Survivor

By BenedictFrancis, Flickr Creative Commons.

Each day is a gift!

I often wonder how I managed to survive my youth.

Here’s a delightful run-down of all the things I did that could have got me killed or, at the very least, arrested.

When I was 15, a group of us explored the legendary underground tunnels of Phoenix. We sneaked into the Hyatt through a utility entrance, climbed through a wall, and shimmied down some pipes to get there. The “tunnels” are really just a bunch of depressing and abandoned offices. When we surfaced, we were in a completely different building.

Shortly after, this same group of kids decided to visit the abandoned dog tracks off the I-10 West. It was Thanksgiving night. We arrived and there were three unmarked vans (the kind without windows) parked by the structure. We could see flashlight beams coming from one of the upper levels. My friends insisted we were safe. I feared rape and torture. I ran back to the car and they followed.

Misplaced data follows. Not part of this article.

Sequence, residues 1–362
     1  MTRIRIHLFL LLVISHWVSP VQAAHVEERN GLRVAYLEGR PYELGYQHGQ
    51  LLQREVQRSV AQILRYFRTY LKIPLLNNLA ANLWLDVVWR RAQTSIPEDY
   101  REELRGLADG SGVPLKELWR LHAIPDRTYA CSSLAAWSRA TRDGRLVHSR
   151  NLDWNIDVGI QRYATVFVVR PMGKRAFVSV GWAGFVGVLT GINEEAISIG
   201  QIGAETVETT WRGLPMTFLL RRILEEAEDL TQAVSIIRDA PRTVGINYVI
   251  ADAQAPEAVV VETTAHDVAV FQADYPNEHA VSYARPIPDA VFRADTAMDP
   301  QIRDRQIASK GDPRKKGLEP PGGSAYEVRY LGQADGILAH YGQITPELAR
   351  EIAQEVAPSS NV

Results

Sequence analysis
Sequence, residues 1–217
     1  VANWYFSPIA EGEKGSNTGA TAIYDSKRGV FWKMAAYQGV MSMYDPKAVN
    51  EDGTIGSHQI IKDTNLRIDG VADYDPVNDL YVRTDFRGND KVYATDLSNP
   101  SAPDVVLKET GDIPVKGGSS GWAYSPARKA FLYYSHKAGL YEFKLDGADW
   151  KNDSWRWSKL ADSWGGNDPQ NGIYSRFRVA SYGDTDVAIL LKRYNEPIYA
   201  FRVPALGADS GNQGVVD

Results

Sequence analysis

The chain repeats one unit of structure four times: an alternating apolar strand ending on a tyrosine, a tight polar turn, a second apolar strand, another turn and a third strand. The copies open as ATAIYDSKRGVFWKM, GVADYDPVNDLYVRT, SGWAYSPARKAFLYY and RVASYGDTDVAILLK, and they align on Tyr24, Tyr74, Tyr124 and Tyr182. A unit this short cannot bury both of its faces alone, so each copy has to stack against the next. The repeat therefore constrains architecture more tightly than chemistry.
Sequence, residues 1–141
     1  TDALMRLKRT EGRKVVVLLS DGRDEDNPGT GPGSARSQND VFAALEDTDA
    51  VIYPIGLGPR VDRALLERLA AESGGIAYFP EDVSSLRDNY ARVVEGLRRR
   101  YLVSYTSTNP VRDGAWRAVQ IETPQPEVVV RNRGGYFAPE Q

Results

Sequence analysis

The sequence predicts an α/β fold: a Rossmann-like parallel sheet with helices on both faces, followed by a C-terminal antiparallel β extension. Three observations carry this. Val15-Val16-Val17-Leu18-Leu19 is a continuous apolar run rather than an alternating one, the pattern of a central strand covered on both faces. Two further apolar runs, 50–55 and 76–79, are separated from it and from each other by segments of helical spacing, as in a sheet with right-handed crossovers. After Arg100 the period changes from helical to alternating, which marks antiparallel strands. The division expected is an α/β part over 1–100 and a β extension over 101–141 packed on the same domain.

Desperate for any chance to drink beer, my fellow 16-year-old pals and I spent an evening in a South Phoenix apartment drinking cans of Bud Light. The electricity had been turned off and there was no running water. As we gathered around a fire in the middle of the living room, someone came in and pulled a gun. No big deal.

Speaking of fires, my mischievous older brother got in trouble for building a small fire in our backyard when we were very young. There was a bucket filled with water nearby so my mom gave me permission to pour the water on the fire. I dumped it over the flames and then I was violently jerked away. It wasn’t water. It was paint thinner.

I drove drunk. A lot.

Lou and I didn’t pay attention to the instructions in my hiking book and went on a four-mile trek to Picacho Peak without recommended supplies or a proper meal in our stomachs. By the end, we had dangled from wires on the sheer sides of rocks. Multiple times. Luckily, we avoided falling to our deaths. Instead, we walked away with sunburns, the need for a tetanus shot, and the memory of multiple emotional breakdowns.